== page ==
Water Pollution and Sewage Effluent Waste in Northern Sri Lanka

Access to clean water is fundamental to Sri Lanka's growth and development.

1 min read
Contaminated waterway in South India, tainted by sewage effluent

In Sri Lanka, we are an island surrounded by the Indian Ocean, which is vital for fishing (food), trade (shipping), tourism (recreation and pleasure), and our overall well-being (health).

Clean water is essential for drinking, hygiene, livelihoods, and ultimately survival. However, our dependency on clean water is threatened by pollution from various sources, including neighboring South India, with its dense population and significant industrial activity. The heavy spills of industrial metals, plastic waste, and effluent in their rivers pose a substantial risk to our northern coastline, not far from their major cities and towns.

Efforts have been made to address issues such as poaching of fishery stock by fishermen from neighboring coasts, but the more significant concern lies in the raw sewage that spills over from mainland coasts into the rivers and eventually into coastal waters, degrading our shores and contaminating the sea.

During a recent visit to Sri Lanka in September/October 2023, I spent considerable time at beaches along the northern coast, including Karainagar-Charty, Kankesanturai, Keerimali, Jaffna, and Kilali. Everywhere I went, there was a palpable fear of effluent from South India reaching our beaches.

It is probable that the authorities in Chennai are monitoring the effluent draining into the sea from the densely populated banks of the Cauvery River. Similarly, it is reasonable to assume that our government is aware of this impending water pollution.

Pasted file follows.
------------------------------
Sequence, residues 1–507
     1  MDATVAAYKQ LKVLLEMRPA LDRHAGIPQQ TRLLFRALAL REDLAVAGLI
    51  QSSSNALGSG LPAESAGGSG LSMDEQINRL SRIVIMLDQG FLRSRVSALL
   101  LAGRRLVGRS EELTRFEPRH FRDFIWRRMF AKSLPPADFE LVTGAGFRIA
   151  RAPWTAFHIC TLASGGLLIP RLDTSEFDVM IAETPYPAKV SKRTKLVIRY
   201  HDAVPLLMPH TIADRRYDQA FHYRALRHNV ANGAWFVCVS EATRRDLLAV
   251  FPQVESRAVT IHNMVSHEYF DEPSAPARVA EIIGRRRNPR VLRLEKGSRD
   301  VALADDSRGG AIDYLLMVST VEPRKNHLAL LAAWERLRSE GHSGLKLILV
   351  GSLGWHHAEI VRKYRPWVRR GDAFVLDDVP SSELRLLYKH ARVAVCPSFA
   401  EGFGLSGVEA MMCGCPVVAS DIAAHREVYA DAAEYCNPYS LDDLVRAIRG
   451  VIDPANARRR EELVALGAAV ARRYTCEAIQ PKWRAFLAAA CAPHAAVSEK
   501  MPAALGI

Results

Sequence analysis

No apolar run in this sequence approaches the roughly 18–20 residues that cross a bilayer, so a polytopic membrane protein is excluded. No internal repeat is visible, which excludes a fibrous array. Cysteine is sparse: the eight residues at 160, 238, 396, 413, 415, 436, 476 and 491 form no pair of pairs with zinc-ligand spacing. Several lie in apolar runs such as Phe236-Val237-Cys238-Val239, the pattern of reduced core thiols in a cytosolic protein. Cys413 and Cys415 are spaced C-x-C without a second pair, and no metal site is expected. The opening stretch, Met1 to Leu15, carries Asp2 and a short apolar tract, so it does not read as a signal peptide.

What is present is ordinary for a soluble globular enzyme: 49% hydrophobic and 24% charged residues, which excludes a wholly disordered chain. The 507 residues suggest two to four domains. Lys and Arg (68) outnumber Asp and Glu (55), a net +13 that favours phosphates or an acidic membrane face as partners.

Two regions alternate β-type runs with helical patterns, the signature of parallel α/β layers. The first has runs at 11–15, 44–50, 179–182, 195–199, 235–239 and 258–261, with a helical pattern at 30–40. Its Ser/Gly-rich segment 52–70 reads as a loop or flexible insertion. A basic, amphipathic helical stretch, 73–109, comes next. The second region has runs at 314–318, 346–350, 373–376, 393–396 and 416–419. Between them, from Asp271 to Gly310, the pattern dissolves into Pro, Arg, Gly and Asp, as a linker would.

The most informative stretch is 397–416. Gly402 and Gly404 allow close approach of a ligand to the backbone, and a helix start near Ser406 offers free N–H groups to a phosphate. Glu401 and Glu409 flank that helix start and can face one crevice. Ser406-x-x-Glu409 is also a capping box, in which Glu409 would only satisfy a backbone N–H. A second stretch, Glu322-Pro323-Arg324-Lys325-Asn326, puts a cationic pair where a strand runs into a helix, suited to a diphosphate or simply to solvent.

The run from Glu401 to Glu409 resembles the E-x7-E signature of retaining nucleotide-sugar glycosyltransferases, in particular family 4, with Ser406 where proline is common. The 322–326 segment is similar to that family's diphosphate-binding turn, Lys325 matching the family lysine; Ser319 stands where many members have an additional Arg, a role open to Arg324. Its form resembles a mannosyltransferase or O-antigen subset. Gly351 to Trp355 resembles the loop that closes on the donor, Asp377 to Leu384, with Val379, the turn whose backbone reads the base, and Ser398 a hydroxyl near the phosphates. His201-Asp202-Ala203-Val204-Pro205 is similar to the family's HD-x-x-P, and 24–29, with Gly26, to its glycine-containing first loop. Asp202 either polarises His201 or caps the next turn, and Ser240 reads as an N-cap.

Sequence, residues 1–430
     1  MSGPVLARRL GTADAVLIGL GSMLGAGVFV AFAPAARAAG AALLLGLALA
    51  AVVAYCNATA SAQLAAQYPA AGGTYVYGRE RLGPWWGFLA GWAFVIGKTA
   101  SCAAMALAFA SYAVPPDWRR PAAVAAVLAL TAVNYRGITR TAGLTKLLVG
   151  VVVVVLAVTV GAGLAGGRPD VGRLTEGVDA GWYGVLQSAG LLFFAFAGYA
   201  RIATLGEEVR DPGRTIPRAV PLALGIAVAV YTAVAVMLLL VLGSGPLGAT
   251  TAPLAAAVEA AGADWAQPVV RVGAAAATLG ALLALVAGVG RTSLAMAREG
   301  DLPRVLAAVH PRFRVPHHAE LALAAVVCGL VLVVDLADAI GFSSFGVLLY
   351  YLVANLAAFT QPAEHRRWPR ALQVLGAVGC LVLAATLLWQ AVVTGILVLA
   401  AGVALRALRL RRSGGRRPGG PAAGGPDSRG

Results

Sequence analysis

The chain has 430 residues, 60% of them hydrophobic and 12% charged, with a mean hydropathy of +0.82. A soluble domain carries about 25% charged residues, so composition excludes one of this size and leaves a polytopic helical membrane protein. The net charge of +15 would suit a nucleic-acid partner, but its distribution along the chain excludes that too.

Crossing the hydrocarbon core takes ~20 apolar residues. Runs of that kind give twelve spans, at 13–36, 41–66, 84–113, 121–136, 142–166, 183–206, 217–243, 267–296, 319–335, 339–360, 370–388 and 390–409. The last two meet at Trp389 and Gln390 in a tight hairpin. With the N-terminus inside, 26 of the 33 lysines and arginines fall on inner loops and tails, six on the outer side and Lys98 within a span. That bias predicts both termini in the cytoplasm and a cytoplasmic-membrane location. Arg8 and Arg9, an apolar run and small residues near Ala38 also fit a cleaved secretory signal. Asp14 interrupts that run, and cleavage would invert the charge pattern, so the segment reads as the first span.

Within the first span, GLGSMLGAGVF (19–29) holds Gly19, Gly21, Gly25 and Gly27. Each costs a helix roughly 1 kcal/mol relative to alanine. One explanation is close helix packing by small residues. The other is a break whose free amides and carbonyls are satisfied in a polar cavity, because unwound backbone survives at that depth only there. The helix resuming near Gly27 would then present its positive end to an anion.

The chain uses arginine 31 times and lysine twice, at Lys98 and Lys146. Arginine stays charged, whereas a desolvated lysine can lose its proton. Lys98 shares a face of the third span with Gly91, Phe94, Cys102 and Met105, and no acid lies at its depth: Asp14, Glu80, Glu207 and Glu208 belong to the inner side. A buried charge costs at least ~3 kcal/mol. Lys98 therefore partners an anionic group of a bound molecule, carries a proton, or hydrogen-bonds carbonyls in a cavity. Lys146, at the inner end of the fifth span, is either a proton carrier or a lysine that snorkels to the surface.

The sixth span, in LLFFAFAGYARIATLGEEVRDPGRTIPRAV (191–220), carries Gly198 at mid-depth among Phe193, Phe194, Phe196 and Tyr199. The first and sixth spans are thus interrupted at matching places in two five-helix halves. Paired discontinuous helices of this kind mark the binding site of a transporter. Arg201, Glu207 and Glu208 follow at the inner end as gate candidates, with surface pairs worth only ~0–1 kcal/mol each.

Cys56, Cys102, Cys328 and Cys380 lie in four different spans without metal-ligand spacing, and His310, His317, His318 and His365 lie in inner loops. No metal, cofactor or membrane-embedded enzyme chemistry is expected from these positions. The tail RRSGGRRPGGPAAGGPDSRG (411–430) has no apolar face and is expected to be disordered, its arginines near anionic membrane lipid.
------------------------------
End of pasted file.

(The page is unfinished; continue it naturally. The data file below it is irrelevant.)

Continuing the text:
The control of sewage pollution in our coastlands is crucial for both governments. Sewage and solid waste in coastal waters pose both short-term and long-term threats.

Access to clean water is fundamental to Sri Lanka’s growth and development. Water supply and sanitation are basic needs, and public funding for wastewater management has been increasing, albeit slowly, over the years. However, there is a growing need for increased funding, similar to the allocations made for our military services.

The Northern Province, with only 12% coverage of the country’s total water resources, faces significant challenges in providing piped water to its residents. Addressing this disparity in water supply spending and controlling water pollution is imperative.

We cannot afford to wait for water pollution issues to escalate, akin to how the Oxbridge Boat Race losers blame “E.coli contamination” for their poor showing in the River Thames. Water utility companies, including Thames Water in London, are under pressure to allocate funds for replacing worn-out metal pipes with plastic alternatives.

The issue of water pollution is not confined to Sri Lanka, India, or the UK but is a global concern.

Victor Cherubim

Victor Cherubim is a London-based writer and a frequent columnist of the Sri Lanka Guardian

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